Defending Reason is Defending the Church

Photography by Andy Coan

“Man is a rational animal,” which is to say that he is a reasoning being.  When he argues irrationally, he may come in for sharp criticism.  But he may find himself the target of even sharper criticism when he argues rationally.

Being a bit irrational may be praised as creative, high-spirited, bold, and adventuresome.  Remaining within the strict confines of reason is often viewed as dull, timid, unimaginative, and boring.

If I may be permitted to offer a personal confession, allow me to say that in all my years (I hesitate to say “decades”) of teaching and writing, I have tried to defend the Church by defending the reasonableness of Her positions.  Reasonable as this approach may seem, it is fraught with danger.  I am all too often pilloried for being too narrow.

If I defend the Church’s teaching on the reasonableness of marriage as indissoluble, I am cold-hearted for not affirming divorce.  When I allude to Her reasonableness in rejecting certain forms of reproductive technologies because they compromise the integrity of the marriage act, I am accused of denying that the resulting child is a gift from God.  In trying to set forth the Church’s reasons for opposing intercourse prior to marriage, I am puritanical and unfeeling.  If I oppose the sin, I am convicted of condemning the sinner.  And I am surely lacking in compassion when I outline the Church’s reasons for rejecting abortion.

In one sense, it is certainly true that the world of unreason is broader and more spacious than that of reason, just as the number of erroneous answers to a question far exceeds that of the single correct one.  There is but one key that unlocks the door, while an infinity of other keys do not.  If we are looking for possibilities, they are legion;  if we are looking for truth, it is something singular.

It is at this point that I turn once again to the wisdom of G. K. Chesterton for support, consolation, and encouragement.  Reason is a human activity that guides us in the direction of truth.  Therefore, like thinking, as Chesterton reminds us, it is a “narrowing activity,” like trying to find the right key among the hundred that are dangling from the key ring.

Concerning his entrance into the Catholic Church, Chesterton said that it was coming into the land of liberty and especially intellectual liberty.  “Conversion,” he averred, “calls on a man to stretch his mind, as a man awakening from sleep may stretch his arms and legs.”

Here is the great paradox:  it is through our willingness to accept less that our life becomes more bountiful.  We do not need to proliferate the number of keys on our key ring.  If we do nothing more than that, we remain on the wrong side of the door.  We need to find the one key that allows us to gain access to the land of plenty.  We should not be concerned with expanding reason so that it erases the border that once separated it from unreason.  It is pointless to multiply without end the number of vehicles we need to make our journey.  It is where we are going that counts.  As Chesterton reminds us, “There are indeed a certain number of people who like to hang about at the gate and never get any further.”  Are they not interested, we may ask, in entering any of God’s mansions?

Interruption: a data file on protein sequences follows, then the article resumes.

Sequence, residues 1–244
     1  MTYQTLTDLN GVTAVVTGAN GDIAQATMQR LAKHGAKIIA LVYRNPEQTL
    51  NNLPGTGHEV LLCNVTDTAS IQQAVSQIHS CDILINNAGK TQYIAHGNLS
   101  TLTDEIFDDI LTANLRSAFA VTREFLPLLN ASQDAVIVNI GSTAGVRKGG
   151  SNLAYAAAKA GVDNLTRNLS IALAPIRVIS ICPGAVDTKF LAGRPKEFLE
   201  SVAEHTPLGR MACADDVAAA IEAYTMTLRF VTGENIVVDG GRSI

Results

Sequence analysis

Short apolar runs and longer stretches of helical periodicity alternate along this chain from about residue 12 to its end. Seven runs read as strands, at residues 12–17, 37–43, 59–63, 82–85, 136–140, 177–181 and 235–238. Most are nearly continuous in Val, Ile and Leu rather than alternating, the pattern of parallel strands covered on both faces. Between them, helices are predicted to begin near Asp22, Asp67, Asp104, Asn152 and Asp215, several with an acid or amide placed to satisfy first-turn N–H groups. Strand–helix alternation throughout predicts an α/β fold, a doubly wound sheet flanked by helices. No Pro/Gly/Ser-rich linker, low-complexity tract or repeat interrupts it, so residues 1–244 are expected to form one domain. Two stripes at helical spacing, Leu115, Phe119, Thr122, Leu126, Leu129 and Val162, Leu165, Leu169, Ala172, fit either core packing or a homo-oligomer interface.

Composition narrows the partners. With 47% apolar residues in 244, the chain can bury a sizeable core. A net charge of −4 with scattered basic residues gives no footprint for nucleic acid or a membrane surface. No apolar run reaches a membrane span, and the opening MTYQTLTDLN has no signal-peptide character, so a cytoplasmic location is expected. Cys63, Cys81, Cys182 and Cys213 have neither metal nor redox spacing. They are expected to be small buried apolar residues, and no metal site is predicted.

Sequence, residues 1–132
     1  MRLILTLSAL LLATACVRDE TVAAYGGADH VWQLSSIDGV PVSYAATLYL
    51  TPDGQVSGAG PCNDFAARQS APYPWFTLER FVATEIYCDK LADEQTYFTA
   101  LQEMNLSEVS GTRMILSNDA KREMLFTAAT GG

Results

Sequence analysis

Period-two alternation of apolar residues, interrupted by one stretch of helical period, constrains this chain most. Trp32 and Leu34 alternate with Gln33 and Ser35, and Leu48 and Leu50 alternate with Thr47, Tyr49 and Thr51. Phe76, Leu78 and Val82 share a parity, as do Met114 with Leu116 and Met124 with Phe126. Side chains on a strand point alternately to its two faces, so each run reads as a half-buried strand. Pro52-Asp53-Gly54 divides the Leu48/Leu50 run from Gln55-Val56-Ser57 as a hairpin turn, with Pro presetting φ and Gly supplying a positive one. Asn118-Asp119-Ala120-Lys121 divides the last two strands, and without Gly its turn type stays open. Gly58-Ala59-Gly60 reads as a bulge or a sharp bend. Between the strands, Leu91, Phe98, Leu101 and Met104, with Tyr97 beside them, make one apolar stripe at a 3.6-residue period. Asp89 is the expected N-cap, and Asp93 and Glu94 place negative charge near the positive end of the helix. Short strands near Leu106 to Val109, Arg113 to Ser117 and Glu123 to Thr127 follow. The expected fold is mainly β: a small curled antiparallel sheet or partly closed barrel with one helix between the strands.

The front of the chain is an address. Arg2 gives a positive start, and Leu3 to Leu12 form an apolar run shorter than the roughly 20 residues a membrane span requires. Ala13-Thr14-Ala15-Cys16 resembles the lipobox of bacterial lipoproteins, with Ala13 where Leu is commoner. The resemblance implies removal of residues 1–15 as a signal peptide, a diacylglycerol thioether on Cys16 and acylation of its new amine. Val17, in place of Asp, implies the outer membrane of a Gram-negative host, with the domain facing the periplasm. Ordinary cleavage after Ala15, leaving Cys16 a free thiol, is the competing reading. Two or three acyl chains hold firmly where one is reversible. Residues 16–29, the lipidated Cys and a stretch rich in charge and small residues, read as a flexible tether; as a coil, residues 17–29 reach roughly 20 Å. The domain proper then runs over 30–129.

Secularists pride themselves these days in “erasing boundaries” and providing entertainment “without borders”.  They fancy that such latitude makes them liberal.  But they are merely spinning their wheels and remain at the gateway.  The Church, however, is infinitely wiser than this.  Reason may seem small and limited, but it can lead to treasures that are unmeasurable.

The Church will continue to stand by reason.  Aquinas spoke of reason as providing the “preambles” to faith.  The word “pre-amble” refers to “walking” (or “ambulating”).  Reason’s great glory is where it takes us, not in its own solitary activity.

The Catholic Church also stands by reason because it rejects “rationalism”.  Reason prepares the way to faith, joy, and a more complete life.  Rationalism is sterile because it teaches that reason is everything.  So, I will continues to use reason to defend Church teaching, fully expecting to be misunderstood (and perhaps, upon occasion, actually understood) and even regarded as professing that inhuman philosophy of rationalism.

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About the Author

Dr. Donald DeMarco is Professor Emeritus of Philosophy, St. Jerome’s University, Waterloo, Ontario; a Visiting Scholar, Holy Apostles College and Seminary; a Distinguished Visiting Teacher, St. Hyacinth College, Granby, Massachusetts; Faculty Member at: Catholic Bible College of Canada; St. Joseph’s College, Edmonton; Mater Ecclesiae, Rhode Island; Domus Mariae, Rhode Island; John Paul II Institute, Melbourne, Australia; and a Lecturer for the Sisters of Mary Immaculate, Cambridge, Ontario. He is the author of 21 books, including, How to be Virtuous in a Not-So-Virtuous World with Fr. Bill McCarthy, MSA (Los Angeles, CA: Queenship, 2007); several hundred articles in scholarly journals and in anthologies, and articles and essays appearing in other journals and magazines and in newspapers; and innumerable book reviews in a variety of publications. His education includes: B.S. Stonehill College, North Easton, MA 1959 (General Science); A.B. Stonehill College, 1961 (Philosophy); Gregorian University, Rome, Italy, 1961-2 (Theology); M.A. St. John's University, Jamaica, NY, 1965 (Philosophy); and Ph.D. At. John's Univ., 1969 (Philosophy). His Master's dissertation was "The Basic Concept in Hegel's Dialectical Method" and his Doctor’s dissertation was "The Nature of the Relationship between the Mathematical and the Beautiful in Music". He is married to Mary Arendt DeMarco and they have five children.

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